One of the most common issues public sector organizations face is attracting and retaining talent—often due to a competitive job market and budgetary constraints. According to the Bureau of Labor Statistics, quitting rates have been consistently on the rise, reporting that annual total quits rose from 1.7 million in 2013 to 2 million in 2016 to 2.3 million in 2019. With the advent of the COVID-19 pandemic in 2020, quit rates—defined as voluntary separations initiated by the employee—have been rising even more significantly, from 3.3 million in December 2020 to 4.3 million as recently as January 2022.[1] Even before the pandemic, school districts were seeing teacher absence rates rising, according to a report [2] from the EdWeek Research Center, commissioned by Kelly Education, the school staffing division of Kelly Services. Fifty-six percent of those surveyed said teacher absence rates are higher now than five years ago, and 71% of school administrators and board members see the demand for substitute teachers increasing in the next five years.

While the pandemic appears to be winding down, the “Great Resignation” of 2021 is still causing many public sector employers to reconsider their talent acquisition and retention strategies. Part of forming a winning strategy involves understanding the common causes of attrition and different ways they can be addressed.

Common Reasons for Attrition

Attrition can occur for several reasons, but competitive compensation and retirement benefits, health care costs, and advancement with other employers tend to be the most prevailing factors that prompt workers to seek employment elsewhere.

With health care costs on the rise, it’s no doubt that both employees and employers are keeping a close eye on how the increase impacts both organizational and personal budgets. In fact, 95% of employers say reducing health care costs is an important workforce issue looking forward [3], which creates a unique challenge for the employer—reducing organizational costs of health care while at the same time reducing health care costs for their employees.

So how can employers bulk up their benefit package and create a competitive talent retention and acquisition strategy—without a blow to their budget?

Cost-Effective Options to Bulk Up your Benefit Package

Attractive benefit packages can increase the chances of employees staying during tough times or help persuade a candidate to choose your organization. Below are just a few ways to directly address some of the more common reasons for attrition and make your benefit package more attractive to talent prospects.

Offer Employees a Tax-Free Way to Pay for Health Care

If your organization has noticed that high health care costs have caused employees to leave, a Health Reimbursement Arrangement (HRA) may be the solution to your issue. An HRA is a triple tax-free benefit vehicle that helps participants pay for eligible medical expenses during active employment or retirement, which means the plan can be designed to either offset a high deductible health plan (HDHP) or bridge the gap between retirement and Medicare eligibility.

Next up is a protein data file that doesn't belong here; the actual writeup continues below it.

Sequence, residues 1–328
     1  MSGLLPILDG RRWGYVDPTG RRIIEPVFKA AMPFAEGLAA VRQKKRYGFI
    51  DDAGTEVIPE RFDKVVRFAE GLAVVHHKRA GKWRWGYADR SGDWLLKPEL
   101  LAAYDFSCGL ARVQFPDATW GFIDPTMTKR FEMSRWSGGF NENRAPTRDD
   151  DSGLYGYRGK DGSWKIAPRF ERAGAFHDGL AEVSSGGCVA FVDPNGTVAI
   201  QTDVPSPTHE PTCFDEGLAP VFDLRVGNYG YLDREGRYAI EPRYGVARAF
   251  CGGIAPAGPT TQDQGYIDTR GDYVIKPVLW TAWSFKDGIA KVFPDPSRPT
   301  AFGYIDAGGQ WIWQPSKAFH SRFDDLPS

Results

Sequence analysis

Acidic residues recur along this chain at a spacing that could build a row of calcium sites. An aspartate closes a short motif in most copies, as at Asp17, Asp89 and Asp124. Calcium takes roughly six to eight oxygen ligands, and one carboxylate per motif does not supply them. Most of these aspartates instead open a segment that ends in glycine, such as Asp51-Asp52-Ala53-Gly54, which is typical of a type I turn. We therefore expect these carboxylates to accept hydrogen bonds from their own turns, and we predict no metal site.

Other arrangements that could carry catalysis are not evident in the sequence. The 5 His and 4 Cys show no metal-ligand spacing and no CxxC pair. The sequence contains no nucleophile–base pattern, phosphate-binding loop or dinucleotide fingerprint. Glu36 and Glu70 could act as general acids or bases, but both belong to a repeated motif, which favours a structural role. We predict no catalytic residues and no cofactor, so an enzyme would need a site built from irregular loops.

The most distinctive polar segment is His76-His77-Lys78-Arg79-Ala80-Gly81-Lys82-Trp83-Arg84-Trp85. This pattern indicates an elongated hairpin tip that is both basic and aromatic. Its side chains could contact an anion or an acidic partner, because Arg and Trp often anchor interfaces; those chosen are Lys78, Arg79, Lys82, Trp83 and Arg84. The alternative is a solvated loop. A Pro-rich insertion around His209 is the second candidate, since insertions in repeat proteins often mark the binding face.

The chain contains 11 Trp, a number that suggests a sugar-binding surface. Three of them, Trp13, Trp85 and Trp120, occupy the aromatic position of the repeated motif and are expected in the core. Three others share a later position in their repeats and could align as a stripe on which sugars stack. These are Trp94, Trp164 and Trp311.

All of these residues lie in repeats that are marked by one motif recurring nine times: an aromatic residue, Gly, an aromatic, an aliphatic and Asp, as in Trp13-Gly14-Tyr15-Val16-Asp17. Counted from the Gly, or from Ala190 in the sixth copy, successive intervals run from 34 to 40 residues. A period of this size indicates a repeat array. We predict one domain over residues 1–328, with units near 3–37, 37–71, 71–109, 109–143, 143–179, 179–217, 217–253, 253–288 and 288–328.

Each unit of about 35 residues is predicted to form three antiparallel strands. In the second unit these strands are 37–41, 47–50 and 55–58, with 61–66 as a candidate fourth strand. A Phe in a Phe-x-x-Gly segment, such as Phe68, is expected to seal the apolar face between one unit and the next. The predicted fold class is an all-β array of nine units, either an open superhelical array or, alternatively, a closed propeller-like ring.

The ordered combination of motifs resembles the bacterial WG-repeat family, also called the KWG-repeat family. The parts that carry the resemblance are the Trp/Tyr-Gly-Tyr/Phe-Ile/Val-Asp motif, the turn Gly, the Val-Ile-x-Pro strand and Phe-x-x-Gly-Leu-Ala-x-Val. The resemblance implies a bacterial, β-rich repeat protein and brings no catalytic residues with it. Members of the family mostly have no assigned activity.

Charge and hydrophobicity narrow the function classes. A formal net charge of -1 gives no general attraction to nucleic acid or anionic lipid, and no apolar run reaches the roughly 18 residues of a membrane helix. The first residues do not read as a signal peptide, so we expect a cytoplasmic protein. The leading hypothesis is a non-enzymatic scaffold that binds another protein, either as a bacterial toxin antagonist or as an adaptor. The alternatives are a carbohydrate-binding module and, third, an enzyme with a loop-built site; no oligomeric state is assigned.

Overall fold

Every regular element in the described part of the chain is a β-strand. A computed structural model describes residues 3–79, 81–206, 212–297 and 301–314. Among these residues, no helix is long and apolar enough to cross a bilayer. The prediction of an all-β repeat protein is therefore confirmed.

HRAs are funded completely by employers for potential tax-free growth over time and can either be funded while the employee is actively working (for use during or after employment) or upon retirement. Unique forms of compensation like unused accumulated leave can be used to fund the HRA, maximizing the use of already earmarked funds. What’s more, the employer can apply unique vesting schedules to the HRA that provide an incentive for employees to stay. Not only will employees see potential tax-free growth accumulating while they work, but no action is needed from them to enroll or contribute—creating a stress-free, generous benefit. Additionally, both the employer and the employee permanently save 7.65% on FICA taxes.

Depending on the plan design, HRAs can help offset costs like prescriptions, eyeglasses, doctor visits and premiums—completely tax-free—and can be used by the participant, their spouse and any eligible dependent.

Maximize Accumulated Leave and Offer a Tax-Advantaged Retirement Plan

Similar to the HRA, the Employer Sponsored Plan can be funded using unique forms of compensation, such as unused sick leave and unused vacation pay; however, with this retirement plan, the benefit can be used—tax-deferred—for whatever purpose a participant chooses once they retire or separate from service.

Funds are deposited by the employer into a 403(b) or 401(a) during active employment for use at retirement, which allows participants to monitor their retirement growth, helping them connect to the benefit they are receiving. Instead of a promise of something at retirement, they can see their retirement funds increasing in value while they work. Additionally, the employer can choose to apply a vesting schedule, which incentivizes employees to stay with the organization until they are fully vested in their benefit.

Employers and employees permanently save 7.65% on FICA taxes while also deferring income tax for the employee until a withdrawal is made. Funds are also invested with the potential to grow tax-deferred, which means increased value due to earnings over time, further maximizing the benefit.

Provide Part-Time, Seasonal and Temporary Employees with a Powerful Retirement Benefit